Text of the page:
US may press India to sign CTBT: Blackwill
* Former US envoy urges US administration to stop differentiating between good and bad Taliban
* Advises next Indian government to launch ‘an intensive diplomatic offensive’ to build stronger ties with US
By Iftikhar Gilani
New Delhi: Former US ambassador to India Robert Blackwill on Tuesday said New Delhi may face pressure from the Obama administration over signing the Comprehensive Test Ban Treaty (CTBT).
Addressing a seminar on US-India relations organised by the Confederation of Indian Industry, he said India should help the US in imposing sanctions on Iran.
Blackwill, who is currently associated with RAND Corporation, an influential US think tank, also pointed out the lack of communication and close relationships between the policy makers in Washington and in New Delhi.
“Although it is certainly early days, there are preliminary indications that the Obama administration has a different policy orientation towards India. First, it is not clear that the Obama administration has the same preoccupation with the rise of Chinese power and India’s balancing role in it,” Blackwill said.
Good and bad:
Blackwill urged the US administration to stop differentiating between good and bad Taliban to improve relations with India and sought India’s cooperation in dealing with Iran’s nuclear weapon programme.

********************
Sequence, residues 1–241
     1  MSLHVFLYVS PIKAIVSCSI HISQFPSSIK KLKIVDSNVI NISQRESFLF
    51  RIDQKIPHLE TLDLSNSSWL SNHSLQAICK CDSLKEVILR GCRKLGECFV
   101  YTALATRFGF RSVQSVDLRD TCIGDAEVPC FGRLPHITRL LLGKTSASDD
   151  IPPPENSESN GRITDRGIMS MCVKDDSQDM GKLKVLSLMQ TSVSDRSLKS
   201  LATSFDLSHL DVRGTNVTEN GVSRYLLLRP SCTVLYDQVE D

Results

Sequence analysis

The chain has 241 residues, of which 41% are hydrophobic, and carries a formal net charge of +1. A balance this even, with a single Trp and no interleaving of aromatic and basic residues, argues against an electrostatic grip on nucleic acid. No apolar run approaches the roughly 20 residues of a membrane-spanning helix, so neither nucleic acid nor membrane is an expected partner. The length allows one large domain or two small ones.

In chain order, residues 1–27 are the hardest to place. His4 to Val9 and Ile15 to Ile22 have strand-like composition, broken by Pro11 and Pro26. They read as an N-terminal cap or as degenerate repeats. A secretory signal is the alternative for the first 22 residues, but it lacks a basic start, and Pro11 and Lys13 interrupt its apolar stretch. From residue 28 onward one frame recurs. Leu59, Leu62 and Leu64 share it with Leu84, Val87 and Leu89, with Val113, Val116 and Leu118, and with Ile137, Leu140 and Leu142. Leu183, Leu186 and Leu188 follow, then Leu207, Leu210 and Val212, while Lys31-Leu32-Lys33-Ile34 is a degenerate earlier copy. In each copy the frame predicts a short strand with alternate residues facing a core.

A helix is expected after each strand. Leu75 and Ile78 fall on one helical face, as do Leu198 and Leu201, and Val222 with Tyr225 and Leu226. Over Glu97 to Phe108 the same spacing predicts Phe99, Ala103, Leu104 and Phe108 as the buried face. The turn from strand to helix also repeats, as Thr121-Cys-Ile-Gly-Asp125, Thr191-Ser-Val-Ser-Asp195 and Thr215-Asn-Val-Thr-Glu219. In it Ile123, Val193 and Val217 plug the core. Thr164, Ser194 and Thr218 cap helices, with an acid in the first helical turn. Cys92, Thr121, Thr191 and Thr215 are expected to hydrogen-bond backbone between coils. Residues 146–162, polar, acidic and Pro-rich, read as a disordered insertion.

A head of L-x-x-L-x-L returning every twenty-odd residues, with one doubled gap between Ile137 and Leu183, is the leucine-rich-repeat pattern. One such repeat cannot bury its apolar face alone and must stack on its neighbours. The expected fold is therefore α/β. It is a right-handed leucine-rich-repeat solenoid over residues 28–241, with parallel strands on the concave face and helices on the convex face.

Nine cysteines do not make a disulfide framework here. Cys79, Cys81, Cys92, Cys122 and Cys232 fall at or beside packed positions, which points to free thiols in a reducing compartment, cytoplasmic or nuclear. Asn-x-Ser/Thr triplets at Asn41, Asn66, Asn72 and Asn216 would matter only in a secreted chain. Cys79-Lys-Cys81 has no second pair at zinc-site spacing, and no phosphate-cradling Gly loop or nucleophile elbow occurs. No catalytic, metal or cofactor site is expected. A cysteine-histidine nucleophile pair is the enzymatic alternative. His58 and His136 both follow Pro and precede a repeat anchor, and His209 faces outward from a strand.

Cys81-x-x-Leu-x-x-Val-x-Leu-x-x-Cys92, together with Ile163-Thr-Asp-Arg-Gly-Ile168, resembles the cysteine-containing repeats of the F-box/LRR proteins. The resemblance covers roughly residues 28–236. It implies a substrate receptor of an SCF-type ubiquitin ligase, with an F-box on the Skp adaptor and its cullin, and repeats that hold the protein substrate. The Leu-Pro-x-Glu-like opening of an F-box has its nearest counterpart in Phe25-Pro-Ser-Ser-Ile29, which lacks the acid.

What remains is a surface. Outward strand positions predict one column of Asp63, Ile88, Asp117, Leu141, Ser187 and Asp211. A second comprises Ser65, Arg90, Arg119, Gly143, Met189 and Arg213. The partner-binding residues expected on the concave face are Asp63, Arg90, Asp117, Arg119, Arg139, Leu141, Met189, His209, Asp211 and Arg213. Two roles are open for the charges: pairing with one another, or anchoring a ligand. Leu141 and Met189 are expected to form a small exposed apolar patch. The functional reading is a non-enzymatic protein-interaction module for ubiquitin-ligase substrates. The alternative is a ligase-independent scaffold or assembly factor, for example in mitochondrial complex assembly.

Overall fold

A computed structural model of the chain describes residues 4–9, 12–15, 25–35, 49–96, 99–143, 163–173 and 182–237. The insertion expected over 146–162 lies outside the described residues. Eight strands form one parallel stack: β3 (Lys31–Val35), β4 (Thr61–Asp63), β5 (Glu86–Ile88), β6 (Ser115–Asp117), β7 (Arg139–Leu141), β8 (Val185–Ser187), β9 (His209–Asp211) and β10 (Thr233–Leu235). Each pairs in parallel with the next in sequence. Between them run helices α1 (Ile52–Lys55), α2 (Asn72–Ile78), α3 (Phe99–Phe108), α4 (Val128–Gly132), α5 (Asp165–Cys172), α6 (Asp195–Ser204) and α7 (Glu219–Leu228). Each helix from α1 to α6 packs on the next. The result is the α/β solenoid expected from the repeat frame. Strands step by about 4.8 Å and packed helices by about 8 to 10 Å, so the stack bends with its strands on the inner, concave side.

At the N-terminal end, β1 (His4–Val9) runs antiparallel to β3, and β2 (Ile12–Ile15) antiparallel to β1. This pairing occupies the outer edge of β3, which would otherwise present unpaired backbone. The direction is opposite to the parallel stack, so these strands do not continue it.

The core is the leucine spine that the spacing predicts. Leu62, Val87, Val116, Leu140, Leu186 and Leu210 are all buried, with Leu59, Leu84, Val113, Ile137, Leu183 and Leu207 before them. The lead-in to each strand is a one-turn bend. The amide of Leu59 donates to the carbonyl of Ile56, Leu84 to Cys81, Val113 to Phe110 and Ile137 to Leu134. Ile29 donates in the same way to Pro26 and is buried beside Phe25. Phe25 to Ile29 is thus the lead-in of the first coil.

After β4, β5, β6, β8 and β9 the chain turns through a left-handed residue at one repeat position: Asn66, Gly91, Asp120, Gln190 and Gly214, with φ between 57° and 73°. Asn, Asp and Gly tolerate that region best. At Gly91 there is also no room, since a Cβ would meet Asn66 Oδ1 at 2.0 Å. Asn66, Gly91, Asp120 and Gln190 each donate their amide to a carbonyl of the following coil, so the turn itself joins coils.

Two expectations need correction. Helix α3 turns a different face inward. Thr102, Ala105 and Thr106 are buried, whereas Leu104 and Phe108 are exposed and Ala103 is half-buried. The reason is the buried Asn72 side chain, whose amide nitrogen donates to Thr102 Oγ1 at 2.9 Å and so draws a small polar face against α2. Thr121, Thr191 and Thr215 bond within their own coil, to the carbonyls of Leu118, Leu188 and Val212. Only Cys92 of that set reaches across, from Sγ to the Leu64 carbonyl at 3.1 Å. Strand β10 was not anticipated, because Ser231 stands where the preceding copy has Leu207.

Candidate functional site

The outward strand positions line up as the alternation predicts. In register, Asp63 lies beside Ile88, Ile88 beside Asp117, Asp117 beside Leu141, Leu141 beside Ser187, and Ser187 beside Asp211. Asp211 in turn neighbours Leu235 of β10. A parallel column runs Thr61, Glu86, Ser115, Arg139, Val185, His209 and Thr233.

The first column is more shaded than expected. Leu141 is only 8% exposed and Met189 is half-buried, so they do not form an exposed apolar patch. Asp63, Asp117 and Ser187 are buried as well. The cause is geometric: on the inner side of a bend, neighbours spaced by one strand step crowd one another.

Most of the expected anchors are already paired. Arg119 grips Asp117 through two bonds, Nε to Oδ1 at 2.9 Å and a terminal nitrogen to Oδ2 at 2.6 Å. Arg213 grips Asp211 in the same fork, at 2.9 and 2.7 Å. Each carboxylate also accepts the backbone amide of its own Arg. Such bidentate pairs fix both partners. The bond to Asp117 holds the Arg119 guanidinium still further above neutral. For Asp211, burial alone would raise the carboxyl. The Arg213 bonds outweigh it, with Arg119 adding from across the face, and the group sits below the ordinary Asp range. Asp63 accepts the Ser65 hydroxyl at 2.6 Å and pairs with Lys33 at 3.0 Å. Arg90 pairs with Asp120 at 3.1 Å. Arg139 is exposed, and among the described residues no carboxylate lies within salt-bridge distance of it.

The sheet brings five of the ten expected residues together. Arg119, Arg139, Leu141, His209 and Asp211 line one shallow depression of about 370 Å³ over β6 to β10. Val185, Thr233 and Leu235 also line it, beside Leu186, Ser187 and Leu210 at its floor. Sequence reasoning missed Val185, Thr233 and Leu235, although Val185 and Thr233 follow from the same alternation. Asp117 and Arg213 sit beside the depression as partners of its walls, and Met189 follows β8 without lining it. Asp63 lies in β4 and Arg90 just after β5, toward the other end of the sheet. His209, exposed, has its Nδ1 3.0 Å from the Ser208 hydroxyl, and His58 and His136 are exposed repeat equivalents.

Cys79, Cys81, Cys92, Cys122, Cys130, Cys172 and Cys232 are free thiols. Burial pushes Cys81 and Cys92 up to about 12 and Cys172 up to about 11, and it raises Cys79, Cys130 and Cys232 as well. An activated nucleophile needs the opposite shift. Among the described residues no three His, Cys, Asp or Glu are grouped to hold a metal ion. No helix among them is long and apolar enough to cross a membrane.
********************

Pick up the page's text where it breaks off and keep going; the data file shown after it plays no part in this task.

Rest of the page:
He said the combination of vital national interests and shared democratic values augur well for bright future in ties between India and the US.
Blackwill was optimistic about the long-term prospects for US-India relationship, but he underlined that “in the immediate future, bilateral ties are likely to be more problematic than we have seen in recent years.”
Blackwill, who also served as deputy national security adviser in the George Bush administration, singled out differing perceptions on Pakistan, Afghanistan, China, Iran, civil nuclear cooperation, CTBT, climate change, India’s nuclear weapons and protectionism as some of key problematical issues which could cause “a variety of problems in the US-India relationship in the next months and years”.
Blackwill also advised the next Indian government should launch “an intensive diplomatic offensive” to build stronger ties with Washington.
“I would hope that the next government would launch a very intense diplomatic offensive to build stronger ties. American behaviour will affect you more than your behaviour will affect us,” he said when asked about the perceived cooling off of ties during the first 100 days of the Obama administration.